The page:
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Curriculum Studies

Learning, Curriculum and Life Politics: the selected works of Ivor F. Goodson

Representing Teachers

The argument for listening to teachers is, therefore, a substantial and long overdue one. Narratives, stories, journals, action research and phenomenology have all contributed to a growing movement to provide opportunities for teacher representations. In the case of stories and narratives, Kathy Carter has provided a valuable summary of this growing movement in the early years of its educational incarnation:

With increasing frequency over the past several years we, as members of a community of investigator–practitioners, have been telling stories about teaching and teacher education rather than simply reporting correlation coefficients or generating lists of findings. This trend has been upsetting to some who mourn the loss of quantitative precision and, they would argue, scientific rigour. For many of us, however, these stories capture, more than scores or mathematical formulae ever can, the richness and indeterminacy of our experiences as teachers and the complexity of our understandings of what teaching is and how others can be prepared to engage in this profession.
It is not altogether surprising, then, that this attraction to stories has evolved into an explicit attempt to use the literatures on ‘story’ or ‘narrative’ to define both the method and the object of inquiry in teaching and teacher education. Story has become, in other words, more than simply a rhetorical device for expressing sentiments about teachers or candidates for the teaching profession. It is now, rather, a central focus for conducting research in the field (Carter 1993, p. 5).

Story and History

The emphasis upon teachers’ stories and narratives encouragingly signifies a new turn in presenting teachers. It is a turn that deserves to be taken very seriously, for we have to be sure that we are turning in the right direction. Like all new genres, stories and narratives are Janus-faced; they may move us forward into new insights or backwards into constrained consciousness – and sometimes simultaneously.

This uncertainty is well stated in Carter’s summary of ‘The place of story in the study of teaching and teacher education’:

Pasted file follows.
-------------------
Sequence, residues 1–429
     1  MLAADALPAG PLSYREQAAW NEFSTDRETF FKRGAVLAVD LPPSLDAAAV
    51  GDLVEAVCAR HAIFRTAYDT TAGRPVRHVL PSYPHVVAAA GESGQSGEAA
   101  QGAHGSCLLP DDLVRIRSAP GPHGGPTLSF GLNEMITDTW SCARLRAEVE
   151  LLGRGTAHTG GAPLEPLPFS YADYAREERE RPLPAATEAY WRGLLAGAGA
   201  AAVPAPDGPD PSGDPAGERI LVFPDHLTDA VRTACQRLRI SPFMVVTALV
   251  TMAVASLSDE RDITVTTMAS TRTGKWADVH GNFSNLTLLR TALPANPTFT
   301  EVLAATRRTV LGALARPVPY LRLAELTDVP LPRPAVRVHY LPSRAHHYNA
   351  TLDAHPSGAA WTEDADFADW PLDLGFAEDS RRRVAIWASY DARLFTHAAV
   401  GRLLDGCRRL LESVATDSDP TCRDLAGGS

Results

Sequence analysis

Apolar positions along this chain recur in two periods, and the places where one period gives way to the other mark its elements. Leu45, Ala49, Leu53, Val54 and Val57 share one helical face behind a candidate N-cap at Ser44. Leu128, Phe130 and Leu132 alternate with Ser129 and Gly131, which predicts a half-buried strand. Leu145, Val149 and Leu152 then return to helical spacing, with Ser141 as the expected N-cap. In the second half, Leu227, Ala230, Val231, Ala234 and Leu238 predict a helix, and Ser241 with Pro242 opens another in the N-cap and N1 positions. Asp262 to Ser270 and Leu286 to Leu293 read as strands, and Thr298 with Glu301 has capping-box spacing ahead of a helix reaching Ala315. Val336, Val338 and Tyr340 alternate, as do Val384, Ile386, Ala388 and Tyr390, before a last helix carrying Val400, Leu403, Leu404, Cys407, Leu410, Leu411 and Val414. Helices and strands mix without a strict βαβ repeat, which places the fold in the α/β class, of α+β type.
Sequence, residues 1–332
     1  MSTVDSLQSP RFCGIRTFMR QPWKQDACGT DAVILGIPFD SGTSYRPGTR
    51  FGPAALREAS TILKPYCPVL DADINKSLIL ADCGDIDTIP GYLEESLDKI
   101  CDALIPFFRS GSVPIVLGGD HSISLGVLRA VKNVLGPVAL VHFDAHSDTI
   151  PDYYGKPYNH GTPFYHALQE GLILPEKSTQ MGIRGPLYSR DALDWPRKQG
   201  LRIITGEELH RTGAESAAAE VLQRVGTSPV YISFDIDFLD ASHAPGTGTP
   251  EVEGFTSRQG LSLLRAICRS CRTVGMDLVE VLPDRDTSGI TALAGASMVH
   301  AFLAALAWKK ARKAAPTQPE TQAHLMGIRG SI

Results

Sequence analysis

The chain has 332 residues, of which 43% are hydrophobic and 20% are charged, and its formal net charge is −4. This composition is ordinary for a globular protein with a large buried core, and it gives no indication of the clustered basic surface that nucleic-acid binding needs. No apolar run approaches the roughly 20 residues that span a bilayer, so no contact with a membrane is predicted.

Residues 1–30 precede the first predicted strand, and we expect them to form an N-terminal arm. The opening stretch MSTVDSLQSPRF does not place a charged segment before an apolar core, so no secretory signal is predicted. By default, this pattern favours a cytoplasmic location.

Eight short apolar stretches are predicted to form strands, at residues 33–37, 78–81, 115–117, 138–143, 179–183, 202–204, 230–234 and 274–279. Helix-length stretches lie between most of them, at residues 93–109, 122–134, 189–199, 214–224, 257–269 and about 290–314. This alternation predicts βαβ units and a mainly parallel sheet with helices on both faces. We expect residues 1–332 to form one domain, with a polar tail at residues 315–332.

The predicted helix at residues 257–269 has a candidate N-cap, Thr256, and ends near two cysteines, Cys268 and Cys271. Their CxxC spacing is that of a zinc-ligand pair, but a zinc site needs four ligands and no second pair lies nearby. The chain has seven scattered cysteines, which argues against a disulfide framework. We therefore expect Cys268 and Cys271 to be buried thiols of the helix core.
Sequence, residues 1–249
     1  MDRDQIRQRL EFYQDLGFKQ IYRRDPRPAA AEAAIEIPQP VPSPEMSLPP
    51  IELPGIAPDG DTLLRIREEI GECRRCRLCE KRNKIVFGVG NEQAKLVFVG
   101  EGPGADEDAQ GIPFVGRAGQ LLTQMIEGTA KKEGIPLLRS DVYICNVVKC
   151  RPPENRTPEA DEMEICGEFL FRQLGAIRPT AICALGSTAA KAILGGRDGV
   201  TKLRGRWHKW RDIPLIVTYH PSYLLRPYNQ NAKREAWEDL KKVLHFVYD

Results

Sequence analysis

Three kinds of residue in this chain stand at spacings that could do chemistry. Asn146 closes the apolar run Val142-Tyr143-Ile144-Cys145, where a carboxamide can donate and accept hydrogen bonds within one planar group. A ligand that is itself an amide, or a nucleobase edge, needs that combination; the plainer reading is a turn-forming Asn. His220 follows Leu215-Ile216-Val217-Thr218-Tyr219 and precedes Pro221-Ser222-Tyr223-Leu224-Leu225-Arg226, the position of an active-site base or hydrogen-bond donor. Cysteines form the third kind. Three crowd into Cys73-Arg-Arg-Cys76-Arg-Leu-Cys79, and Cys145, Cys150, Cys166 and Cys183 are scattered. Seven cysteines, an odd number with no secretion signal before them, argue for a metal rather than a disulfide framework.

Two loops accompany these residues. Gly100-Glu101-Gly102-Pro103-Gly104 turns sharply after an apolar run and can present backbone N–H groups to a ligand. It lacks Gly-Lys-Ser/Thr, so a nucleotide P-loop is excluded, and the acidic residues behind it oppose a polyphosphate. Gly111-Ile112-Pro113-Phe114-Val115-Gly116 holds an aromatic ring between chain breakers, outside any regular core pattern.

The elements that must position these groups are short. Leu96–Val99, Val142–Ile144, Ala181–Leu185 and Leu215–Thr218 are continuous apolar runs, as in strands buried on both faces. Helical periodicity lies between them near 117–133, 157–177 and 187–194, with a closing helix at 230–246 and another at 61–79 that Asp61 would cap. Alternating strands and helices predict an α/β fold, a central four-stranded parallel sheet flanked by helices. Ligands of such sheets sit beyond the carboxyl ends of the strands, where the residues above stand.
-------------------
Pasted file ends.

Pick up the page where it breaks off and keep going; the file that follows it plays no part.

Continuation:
Anyone with even a passing familiarity with the literatures on story soon realizes, however, that these are quite turbulent intellectual waters and quickly abandons the expectation of safe passage toward the resolution, once and for all, of the many puzzles and dilemmas we face in advancing our knowledge of teaching. Much needs to be learned about the nature of story and its value to our common enterprise, and about the wide range of purposes, approaches, and claims made by those who have adopted story as a central analytical framework. What does story capture and what does it leave out? How does this notion fit within the emerging sense of the nature of teaching and what it means to educate teachers? These and many other critical questions need to be faced if story is to become more than a loose metaphor for everything from a paradigm or world view to a technique for bringing home a point in a lecture on a Thursday afternoon (Carter 1993, p. 5).

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  • Date of publication: 15/09/2005
  • Number of pages (as Word doc): 272
  • Publisher: Routledge
  • Co-author: NAN
  • Subject:
    Curriculum Studies, Narrative Theory
  • Available in:
    English
  • Appears in:
    Learning, Curriculum and Life Politics: the selected works of Ivor F. Goodson
  • Number of editions: 1
  • Paperback
  • Price of book: £27.99
  • ISBN: 978-0-415-35220-8
  • Purchase this book:
    Routledge
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